Talking About Estate Planning
Probate and Property, July/August 2004
By Jon J. Gallo and Eileen Gallo, Ph.D.
Jon J. Gallo is a partner in the Los Angeles law firm of Greenberg Glusker Fields Claman Machtinger & Kinsella LLP and chair of the H-2 Psychological and Emotional Issues of Estate Planning Committee.
Eileen Gallo, Ph.D. , is a psychotherapist in private practice in Los Angeles and vice-chair of the H-2 Psychological and Emotional Issues of Estate Planning Committee.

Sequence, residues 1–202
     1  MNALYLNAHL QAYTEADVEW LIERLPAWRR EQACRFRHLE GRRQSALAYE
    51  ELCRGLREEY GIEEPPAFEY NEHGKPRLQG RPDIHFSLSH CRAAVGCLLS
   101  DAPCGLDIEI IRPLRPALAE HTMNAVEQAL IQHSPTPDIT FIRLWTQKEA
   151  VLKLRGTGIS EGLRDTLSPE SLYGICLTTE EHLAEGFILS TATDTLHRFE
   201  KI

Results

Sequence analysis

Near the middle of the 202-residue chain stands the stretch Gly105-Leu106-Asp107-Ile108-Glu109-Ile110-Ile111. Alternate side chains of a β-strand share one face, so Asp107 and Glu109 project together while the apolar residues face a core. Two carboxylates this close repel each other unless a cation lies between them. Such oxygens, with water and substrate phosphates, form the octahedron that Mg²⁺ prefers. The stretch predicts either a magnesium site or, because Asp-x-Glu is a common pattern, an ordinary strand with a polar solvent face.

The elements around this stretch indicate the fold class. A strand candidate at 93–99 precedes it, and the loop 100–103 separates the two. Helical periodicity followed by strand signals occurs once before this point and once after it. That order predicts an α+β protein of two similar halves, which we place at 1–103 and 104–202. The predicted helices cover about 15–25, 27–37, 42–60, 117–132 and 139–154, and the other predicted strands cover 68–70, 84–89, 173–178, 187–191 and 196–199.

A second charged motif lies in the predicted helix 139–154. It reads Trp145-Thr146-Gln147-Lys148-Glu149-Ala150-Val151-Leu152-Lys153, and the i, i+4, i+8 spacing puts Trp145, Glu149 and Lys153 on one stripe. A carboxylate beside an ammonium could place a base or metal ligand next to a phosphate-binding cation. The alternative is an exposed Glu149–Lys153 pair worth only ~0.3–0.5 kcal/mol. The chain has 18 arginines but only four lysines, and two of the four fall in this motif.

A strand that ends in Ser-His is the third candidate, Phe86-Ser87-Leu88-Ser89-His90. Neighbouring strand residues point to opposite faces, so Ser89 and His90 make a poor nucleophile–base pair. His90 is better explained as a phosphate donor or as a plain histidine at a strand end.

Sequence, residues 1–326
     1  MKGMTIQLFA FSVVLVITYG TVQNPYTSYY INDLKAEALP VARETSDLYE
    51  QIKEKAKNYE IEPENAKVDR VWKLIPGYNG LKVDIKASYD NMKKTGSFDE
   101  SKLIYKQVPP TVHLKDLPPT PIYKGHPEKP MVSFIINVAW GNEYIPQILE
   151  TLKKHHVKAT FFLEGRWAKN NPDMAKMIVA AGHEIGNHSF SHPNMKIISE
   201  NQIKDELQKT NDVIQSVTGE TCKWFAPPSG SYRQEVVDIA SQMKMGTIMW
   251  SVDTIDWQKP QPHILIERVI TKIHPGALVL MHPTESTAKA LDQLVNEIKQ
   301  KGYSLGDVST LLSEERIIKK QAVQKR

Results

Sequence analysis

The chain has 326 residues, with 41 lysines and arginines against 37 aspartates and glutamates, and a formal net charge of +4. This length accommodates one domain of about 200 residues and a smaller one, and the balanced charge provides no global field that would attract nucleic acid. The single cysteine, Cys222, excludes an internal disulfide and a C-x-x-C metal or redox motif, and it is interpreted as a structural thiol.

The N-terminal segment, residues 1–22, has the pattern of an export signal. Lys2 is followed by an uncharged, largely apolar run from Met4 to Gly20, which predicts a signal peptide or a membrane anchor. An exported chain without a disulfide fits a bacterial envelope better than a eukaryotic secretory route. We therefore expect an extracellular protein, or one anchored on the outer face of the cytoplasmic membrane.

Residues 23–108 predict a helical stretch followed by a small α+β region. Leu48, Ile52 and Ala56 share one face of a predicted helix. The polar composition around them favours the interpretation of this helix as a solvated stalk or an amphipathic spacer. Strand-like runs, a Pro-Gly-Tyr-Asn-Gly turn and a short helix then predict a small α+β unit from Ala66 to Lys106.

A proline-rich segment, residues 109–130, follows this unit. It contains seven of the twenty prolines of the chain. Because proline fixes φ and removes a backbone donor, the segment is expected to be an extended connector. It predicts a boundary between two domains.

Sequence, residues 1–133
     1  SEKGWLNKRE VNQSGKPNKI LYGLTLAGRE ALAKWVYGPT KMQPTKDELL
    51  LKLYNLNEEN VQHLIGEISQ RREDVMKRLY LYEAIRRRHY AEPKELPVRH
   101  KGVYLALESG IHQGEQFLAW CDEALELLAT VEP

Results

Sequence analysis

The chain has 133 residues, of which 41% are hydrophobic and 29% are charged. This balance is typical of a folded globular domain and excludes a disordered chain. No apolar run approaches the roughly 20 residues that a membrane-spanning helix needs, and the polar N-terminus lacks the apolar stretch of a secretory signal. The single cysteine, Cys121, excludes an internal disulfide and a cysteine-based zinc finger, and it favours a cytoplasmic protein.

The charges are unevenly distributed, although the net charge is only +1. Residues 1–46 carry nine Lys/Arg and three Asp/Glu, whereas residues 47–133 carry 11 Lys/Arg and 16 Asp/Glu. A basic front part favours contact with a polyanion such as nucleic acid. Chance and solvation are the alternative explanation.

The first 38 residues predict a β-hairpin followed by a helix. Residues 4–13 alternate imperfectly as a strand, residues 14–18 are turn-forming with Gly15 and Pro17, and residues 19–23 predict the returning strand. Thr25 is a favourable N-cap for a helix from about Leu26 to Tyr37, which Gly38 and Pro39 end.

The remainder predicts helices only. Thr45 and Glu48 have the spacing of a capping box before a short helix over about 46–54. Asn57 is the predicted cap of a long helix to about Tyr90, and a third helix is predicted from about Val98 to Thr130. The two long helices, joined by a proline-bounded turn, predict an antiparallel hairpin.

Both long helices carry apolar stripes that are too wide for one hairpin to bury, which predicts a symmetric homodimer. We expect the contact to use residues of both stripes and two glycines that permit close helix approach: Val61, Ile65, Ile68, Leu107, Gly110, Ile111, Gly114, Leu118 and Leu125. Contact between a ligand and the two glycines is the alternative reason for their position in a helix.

On successful completion of the bar exam in California, an applicant is admitted to practice as an attorney and counselor-at-law. According to the American Heritage Dictionary, a counselor is a “knowledgeable person who provides advice and guidance.” Much of the advice and guidance that estate planners provide deals with highly technical issues, ranging from structuring marital deduction trusts to explaining the issues involved in choosing between a grantor retained annuity trust and an installment sale to an intentionally defective grantor trust. The American Bar Association and state and local bar organizations provide a great deal of continuing legal education in these technical areas. But clients also turn to estate planners for personal advice and guidance. Just think of some of the personal issues an estate planner needs to address: How and when should clients discuss their estate plans with their children? How can adult children who are worried about their parents’ lack of estate planning raise the topic? When the client (or the client’s child) comes to an estate planner to discuss a prenuptial agreement, what advice should accompany the agreement? And how generally should the estate planner counsel the client?